Chang and Xu are currently ranked 1 and 2 in the “one year redeem list”.

There is an interesting situation regarding that list: both Pang Junxu and  Jamie Jones who are in the first year of a two years tour card, could still get into the top 64, at the expense of Chris Wakelin and Louis Heathcote. Should that happen, Wakelin and Heathcote would probably still stay on tour via the “one year redeem list”.  It would however make a huge difference for them next season: on one hand they would go back to 0 points, on the other hand they would be assured to get another two seasons and avoid battling on the fringe of the relegation zone next season. It also means that Duane Jones and Gerard Greene are under pressure to win their third round match to stay on tour, and that Jamie O’Neill and Andy Hicks are far from safe.

Yesterday’s result also means that Jimmy White is now set to be relegated from the Main Tour unless he can get back through the Q-School or receives another invitational tour card. Going by what Barry Hearn said in a recent interview, the latter is likely.

 

 

One thought on “2021 World Championship Qualifiers – Day 6

  1. The business of getting a new 2-year card, but losing all ranking points is a silly anomaly. If I were in that position, I’d gladly accept a 2-year guarantee, rather than be on the edge again next season. Seedings for the UK Championship would be the least of my worries. It’s almost an incentive to lose. What they should do it to award a 1-year card, and keep the ranking points from the second season. Or perhaps abolish the whole stupid embarassing mess entirely…

    I watched the Wakelin-Lei match in the morning, a brilliant match. Both players were superb in all aspects of the game, especially safety. I had thought it might be Lei’s last ever match, but I now do feel that he can return, although maybe not immediately through Q School. Wakelin might also be relegated, although it is unlikely.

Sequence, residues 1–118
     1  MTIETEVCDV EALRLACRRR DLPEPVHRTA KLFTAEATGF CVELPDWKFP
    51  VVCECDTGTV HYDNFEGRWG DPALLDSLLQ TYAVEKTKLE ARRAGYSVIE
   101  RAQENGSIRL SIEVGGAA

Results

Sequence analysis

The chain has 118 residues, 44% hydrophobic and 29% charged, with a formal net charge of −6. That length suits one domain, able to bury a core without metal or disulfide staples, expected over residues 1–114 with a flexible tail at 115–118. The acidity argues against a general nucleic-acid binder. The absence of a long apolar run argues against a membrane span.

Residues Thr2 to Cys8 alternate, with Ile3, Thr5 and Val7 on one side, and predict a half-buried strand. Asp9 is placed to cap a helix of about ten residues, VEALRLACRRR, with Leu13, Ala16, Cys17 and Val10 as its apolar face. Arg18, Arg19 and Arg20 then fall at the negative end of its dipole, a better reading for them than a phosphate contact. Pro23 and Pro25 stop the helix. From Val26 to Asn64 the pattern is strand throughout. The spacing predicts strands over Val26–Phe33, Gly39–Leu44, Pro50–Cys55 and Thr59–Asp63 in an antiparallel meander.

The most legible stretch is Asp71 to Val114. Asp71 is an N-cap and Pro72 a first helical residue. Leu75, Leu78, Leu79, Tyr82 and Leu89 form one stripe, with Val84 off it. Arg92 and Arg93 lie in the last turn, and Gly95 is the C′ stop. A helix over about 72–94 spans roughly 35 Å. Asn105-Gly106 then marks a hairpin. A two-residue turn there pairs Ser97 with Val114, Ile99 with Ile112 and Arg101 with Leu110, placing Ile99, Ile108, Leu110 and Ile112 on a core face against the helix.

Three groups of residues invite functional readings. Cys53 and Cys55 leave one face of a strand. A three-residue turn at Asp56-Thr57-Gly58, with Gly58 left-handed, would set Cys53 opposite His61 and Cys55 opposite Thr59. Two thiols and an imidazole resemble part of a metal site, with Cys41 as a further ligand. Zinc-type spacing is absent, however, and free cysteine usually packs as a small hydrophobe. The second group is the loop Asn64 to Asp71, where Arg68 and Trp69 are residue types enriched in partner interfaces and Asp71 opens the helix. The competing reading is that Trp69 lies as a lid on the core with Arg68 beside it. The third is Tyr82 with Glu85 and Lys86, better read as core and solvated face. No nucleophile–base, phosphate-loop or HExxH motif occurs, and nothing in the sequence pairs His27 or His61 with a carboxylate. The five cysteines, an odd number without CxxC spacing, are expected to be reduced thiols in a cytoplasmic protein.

Then of course the Zhou-Xu match, which was equally high-quality. I always thought Xu had the potential for top-32, if he could just stay on tour for long enough to establish himself. He’s done that now, and I expect him to become a stable pro. Zhou produced an amazing clearance from 4-5 and 0-67 down to save his campaign.

    I have seen two Tom Ford 147’s live, but I’d still find him difficult to watch. I can excuse a professional player getting frustrated occasionally when things don’t go their way. But with Ford is seems like every single match! As a club player I used to joke that hot-headed players get more kicks and roll-offs than cool-headed players: snookers special ‘Law of Thermodynamics’. Chang did very well, but he is still inexperienced and has some obvious weaknesses still. If Ford had just been able to stay in the match, chances would have come his way. Really he should have qualified easily for this World Championship: he has a table at home allowing him reliable practice, he’s had a couple of good results this season, and his only really dangerous opponent had to withdraw.

    Perhaps if Chang qualifies they might actually interview him. He’s from an educated family and speaks decent English.

    Elsewhere I was sad to see O’Connor lose, but Donaldson won. They haven’t had the best seasons but are still good prospects.

Comments are closed.